In Dubai at COP28, nuclear fusion makes first-ever appearance

Senior Global Correspondent
Gabriela Hearst, Bob Mumgaard and Ernest Moniz on a panel at COP28
Speakers participate in a panel discussion on fusion at an Atlantic Council event at COP28 on Dec. 5. From L to R: Gabriela Hearst, fashion designer and chief creative director of Chloe; Bob Mumgaard, Chief Executive Officer, Commonwealth Fusion Systems and board member of the Fusion Industry Association; and Ernest Moniz, former U.S. Energy Secretary and president of Energy Futures Initiative. Photo courtesy of the Atlantic Council.

DUBAI, UNITED ARAB EMIRATES — Amid the unprecedented hoopla of the COP28 climate summit over the past two weeks, the geekiest of new energy technologies made a first-time splash appearance.

Nuclear fusion is so nascent an energy business it doesn’t yet exist on Earth. But there on an expansive stage at COP28 were a globally renowned fashion designer and one of the world’s top scientists raving over it, having been introduced with thundering plaudits by United States climate envoy John Kerry.

Uruguayan designer Gabriela Hearst wore a dress adorned with the blueprint of a nuclear fusion reactor and explained why, as chief creative director at luxury brand Chloé, she produced an entire fashion show in Paris last year around the concept of crushing atoms together, the essence of nuclear fusion.

“It’s become my holy grail,” she said, not the first time a fusion advocate used this metaphor of the ultimate mythical treasure to describe the technology.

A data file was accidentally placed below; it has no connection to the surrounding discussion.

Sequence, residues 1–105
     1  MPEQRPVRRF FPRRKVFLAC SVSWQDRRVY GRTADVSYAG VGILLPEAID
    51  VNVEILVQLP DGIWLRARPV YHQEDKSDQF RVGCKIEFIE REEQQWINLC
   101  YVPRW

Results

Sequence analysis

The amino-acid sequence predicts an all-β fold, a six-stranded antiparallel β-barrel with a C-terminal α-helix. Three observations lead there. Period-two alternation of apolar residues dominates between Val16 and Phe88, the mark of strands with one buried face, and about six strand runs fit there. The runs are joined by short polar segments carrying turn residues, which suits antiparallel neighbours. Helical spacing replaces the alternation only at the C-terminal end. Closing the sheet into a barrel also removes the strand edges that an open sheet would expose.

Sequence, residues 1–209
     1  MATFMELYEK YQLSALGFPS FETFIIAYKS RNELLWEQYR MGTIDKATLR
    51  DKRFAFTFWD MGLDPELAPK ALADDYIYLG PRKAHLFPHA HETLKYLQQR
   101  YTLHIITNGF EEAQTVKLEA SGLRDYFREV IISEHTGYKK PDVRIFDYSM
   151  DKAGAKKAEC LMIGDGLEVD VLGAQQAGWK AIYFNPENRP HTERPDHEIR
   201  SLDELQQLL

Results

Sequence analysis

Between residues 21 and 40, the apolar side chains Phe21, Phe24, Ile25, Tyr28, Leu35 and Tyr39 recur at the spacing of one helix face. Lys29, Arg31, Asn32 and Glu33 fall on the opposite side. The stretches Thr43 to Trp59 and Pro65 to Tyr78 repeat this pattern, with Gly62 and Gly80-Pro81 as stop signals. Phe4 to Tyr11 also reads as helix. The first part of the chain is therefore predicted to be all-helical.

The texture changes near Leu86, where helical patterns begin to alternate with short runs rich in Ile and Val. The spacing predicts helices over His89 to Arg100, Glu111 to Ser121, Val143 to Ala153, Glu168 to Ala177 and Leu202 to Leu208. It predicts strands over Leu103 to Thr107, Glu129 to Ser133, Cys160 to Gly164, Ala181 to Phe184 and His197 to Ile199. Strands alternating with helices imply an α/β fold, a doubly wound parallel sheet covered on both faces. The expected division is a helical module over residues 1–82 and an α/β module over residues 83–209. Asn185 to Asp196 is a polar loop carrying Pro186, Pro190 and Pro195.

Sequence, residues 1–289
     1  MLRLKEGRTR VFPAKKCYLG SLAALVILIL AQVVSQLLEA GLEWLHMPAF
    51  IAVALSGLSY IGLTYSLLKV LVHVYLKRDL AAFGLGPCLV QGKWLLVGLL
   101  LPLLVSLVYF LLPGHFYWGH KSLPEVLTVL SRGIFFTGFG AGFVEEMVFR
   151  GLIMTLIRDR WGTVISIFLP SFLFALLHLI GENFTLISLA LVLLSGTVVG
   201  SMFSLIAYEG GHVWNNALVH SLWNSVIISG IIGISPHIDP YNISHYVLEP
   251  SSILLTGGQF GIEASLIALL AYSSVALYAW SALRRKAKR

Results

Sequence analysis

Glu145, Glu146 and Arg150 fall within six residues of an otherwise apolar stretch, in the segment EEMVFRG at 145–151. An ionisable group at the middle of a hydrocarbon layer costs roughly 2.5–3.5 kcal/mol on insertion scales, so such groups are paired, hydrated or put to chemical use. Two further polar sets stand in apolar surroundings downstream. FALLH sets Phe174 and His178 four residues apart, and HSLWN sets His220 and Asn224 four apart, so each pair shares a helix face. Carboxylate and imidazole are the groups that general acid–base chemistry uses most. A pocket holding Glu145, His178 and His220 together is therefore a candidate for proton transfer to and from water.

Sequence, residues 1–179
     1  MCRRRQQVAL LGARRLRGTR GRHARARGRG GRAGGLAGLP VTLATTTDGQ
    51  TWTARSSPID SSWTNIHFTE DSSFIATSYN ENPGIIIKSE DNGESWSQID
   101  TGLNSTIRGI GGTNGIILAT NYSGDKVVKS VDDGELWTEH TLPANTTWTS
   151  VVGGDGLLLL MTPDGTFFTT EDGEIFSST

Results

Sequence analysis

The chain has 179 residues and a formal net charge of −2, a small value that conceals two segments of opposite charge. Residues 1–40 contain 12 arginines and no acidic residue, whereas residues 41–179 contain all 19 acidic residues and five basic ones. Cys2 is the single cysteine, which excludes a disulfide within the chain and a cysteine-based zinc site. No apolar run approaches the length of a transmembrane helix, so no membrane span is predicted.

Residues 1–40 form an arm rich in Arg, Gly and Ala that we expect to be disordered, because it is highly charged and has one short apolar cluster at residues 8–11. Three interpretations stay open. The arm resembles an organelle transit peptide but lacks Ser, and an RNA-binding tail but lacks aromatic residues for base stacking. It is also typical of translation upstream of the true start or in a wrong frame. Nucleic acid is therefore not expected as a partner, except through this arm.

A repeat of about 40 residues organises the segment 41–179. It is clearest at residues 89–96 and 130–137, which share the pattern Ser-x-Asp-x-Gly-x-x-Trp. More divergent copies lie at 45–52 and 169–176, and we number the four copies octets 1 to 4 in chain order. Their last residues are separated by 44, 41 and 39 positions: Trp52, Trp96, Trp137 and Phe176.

Ernest Moniz, the mop-haired MIT brainiac and former U.S. energy secretary, nodded in agreement at the opposite end of the same panel. Other nuclear fusion events, promotions and photo-ops popped up elsewhere at COP28, including among the investments highlighted by Bill Gates’ Breakthrough Energy Ventures. (Breakthrough Energy Ventures is a program of Breakthrough Energy, which provides support for Cipher).

Nuclear fusion differs from the dominant nuclear energy in the world today, which is nuclear fission. Fission got plenty of attention at this COP, as well, with 22 countries pledging to triple the capacity of the technology, which produces no global warming gases.

Fission plants — the hulking towers that have rarely, but at times spectacularly, struggled with safety issues in the three-quarters of a century they’ve been around — unleash massive amounts of energy by splitting atoms apart. This creates radioactive waste and requires controls to avoid the sort of runaway chain reaction that melted down the infamous Chernobyl facility in the former Soviet Union in 1986.

Nuclear fusion, on the other hand, forces multiple atoms together into one. This also unleashes vast amounts of energy but leaves behind plain water as the main byproduct and carries no risk of an uncontrolled reaction. It is, as advocates love to say, the energy that powers the stars and created all matter in the universe, including life on earth.

“If you want to know if it works, just go outside and look up,” said Ralf Kaiser, an official at the International Centre for Theoretical Physics and the former head of the physics section of the International Atomic Energy Agency.

At the COP28 event hosted by the Atlantic Council, Kerry announced an international research and development effort aimed at accelerating the timeline for fusion to become a commercial source of power.

John Kerry speaking at COP28

U.S. Climate Envoy John Kerry talks about fusion at an Atlantic Council event at COP28. Photo courtesy of the Atlantic Council.